China June manufacturing PMI 50.9 vs. 50.5 consensus and non-manufacturing PMI 54.4 vs. 53.6 consensus
Cyclical currencies should outperform in an environment where investors are more focused on improving activity data than medium to long-run structural concerns that are proving to be a headwind for high-carry FX Asia these days.
The Yuan is strengthening on back to back domestic data beats which continue to power the economic differentiation factors in the local currency market sentiment where the CNH could now outperform, given traders’ proclivity to go long CNH on the Asia cross.
The global economy unambiguously remains in a cyclical upswing, except for pockets of weakness. In the US, business activity surveys and recent housing data have propelled surprise indices to new highs. However, further declines in US real yields (10y -0.72%) imply greater pessimism around the long-term systematic outlook, which continues to argue for gold as a critical component in any portfolio.
Oil is trading a little lower on likely profit-taking as mixed data from North Asia tempered the bull run, but China PMI should put a bid back under oil prices. That better-than-expected China PMI lends further weight to the argument that a global cyclical recovery is well underway that should boost global stock market sentiment. In the same light, it should be equally positive for high beta and cyclical currencies (e.g., AUD, CNH, KRW, and TWD).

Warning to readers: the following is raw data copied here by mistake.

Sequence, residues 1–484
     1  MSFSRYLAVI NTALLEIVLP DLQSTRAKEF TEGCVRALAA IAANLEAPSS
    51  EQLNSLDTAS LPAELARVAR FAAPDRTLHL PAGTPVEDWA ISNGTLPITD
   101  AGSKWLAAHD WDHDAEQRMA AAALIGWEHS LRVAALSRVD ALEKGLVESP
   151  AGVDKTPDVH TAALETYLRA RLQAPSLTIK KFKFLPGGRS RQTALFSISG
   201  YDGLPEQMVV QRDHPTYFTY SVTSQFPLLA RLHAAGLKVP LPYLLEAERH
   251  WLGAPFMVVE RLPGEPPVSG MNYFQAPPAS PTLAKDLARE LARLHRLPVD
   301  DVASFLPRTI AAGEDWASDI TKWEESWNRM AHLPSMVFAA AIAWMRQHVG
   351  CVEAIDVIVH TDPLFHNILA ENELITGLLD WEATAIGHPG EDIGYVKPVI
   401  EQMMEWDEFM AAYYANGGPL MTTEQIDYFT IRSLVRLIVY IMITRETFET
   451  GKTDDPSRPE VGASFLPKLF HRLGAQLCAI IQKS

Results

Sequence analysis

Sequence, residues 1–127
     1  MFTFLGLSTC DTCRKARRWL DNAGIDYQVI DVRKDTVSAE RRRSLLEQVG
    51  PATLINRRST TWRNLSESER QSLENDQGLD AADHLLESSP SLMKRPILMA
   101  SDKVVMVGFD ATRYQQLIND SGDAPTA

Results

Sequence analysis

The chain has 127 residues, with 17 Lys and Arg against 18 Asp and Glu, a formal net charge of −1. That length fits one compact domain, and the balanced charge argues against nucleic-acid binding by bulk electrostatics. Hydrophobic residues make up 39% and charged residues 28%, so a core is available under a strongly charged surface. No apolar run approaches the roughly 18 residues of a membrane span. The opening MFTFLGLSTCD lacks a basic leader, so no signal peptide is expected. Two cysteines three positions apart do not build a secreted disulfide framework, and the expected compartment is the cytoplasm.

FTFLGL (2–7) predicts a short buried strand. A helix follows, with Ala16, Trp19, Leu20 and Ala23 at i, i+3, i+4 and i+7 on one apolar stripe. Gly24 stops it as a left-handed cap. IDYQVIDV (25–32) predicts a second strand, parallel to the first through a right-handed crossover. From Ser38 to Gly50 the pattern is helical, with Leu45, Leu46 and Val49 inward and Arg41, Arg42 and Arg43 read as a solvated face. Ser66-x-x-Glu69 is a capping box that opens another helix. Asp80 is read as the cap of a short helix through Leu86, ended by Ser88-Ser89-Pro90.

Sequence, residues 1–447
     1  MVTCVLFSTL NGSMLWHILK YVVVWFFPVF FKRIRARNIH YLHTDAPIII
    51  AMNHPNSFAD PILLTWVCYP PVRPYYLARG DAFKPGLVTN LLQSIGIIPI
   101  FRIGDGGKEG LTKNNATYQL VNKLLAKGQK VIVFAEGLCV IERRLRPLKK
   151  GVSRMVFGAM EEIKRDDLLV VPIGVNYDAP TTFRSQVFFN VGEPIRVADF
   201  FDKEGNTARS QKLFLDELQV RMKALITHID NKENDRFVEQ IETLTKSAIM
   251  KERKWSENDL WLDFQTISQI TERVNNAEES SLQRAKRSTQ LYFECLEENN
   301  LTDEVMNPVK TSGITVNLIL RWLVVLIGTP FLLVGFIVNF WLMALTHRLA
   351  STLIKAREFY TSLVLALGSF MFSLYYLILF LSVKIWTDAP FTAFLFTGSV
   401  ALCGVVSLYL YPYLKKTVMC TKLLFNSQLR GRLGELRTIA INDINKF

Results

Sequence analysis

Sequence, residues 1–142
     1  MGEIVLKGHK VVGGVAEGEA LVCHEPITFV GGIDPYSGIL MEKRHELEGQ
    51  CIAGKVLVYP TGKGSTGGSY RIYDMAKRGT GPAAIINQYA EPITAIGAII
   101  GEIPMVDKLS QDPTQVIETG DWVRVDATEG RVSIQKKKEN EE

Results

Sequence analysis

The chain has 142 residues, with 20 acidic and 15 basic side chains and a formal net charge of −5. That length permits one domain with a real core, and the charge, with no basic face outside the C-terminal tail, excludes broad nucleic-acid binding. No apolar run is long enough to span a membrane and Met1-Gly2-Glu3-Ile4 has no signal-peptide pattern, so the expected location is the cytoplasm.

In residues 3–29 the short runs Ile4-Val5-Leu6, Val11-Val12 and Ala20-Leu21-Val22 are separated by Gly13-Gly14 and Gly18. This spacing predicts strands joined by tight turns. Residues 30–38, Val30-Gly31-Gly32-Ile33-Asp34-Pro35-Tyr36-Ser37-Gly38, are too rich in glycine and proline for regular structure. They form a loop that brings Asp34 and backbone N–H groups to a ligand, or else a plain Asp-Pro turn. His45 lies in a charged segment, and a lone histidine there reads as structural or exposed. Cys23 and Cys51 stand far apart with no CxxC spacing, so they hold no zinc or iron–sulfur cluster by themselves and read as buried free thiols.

At the moment it’s less clear whether a recovering China still benefits commodity producers as oil prices are not precisely firing upwards, likely due to the inventory overhang concerns coupled with a higher probability of US production coming back online as oil prices move higher.
Oil sensitive currencies (NOK, CAD and MYR) need an enduring oil price recovery to gain further traction versus the USD. So, while longer-term oil market structural concerns linger, cyclical currencies are more attractive, with the standouts in Asia (CNH and KRW) sitting atop the pecking order.
An oil market aside
As I commented last week; there’s a remarkable propensity for Asia oil traders to book profits after bullish moves during US peak trading hours; many traders were expecting price dip in the Asia trade but smart money doesn’t care who they buy their barrels from.
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Soaring US yields trigger the wrecking ball effect as yields become a source of volatility for risk, rather than a source of support